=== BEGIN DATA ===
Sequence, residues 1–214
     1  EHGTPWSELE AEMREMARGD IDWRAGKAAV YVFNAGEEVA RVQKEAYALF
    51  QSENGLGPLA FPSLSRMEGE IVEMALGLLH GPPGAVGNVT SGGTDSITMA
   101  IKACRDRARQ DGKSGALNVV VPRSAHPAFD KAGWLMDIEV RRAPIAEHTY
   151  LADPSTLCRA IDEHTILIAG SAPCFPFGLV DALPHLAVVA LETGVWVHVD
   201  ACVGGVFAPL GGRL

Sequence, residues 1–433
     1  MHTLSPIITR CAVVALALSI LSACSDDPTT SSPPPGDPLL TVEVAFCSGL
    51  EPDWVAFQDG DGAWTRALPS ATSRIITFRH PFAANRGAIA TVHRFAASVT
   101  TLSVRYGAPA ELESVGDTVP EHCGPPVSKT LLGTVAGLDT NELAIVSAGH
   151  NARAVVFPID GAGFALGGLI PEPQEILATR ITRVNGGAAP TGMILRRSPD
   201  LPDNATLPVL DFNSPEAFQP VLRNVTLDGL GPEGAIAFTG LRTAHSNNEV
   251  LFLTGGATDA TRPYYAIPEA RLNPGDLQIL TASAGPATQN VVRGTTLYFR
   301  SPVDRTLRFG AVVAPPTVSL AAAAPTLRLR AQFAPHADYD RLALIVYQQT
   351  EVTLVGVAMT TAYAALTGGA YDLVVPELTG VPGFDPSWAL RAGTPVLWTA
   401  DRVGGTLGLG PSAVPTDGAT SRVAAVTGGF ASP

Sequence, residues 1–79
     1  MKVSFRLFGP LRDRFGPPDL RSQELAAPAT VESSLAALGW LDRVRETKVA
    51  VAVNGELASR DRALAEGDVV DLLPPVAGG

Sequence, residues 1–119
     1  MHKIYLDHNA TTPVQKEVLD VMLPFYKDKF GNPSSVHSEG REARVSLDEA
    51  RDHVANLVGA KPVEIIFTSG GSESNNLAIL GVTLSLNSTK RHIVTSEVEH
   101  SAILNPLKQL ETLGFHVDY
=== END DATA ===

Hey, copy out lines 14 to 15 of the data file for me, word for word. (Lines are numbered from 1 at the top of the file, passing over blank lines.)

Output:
   301  SPVDRTLRFG AVVAPPTVSL AAAAPTLRLR AQFAPHADYD RLALIVYQQT
   351  EVTLVGVAMT TAYAALTGGA YDLVVPELTG VPGFDPSWAL RAGTPVLWTA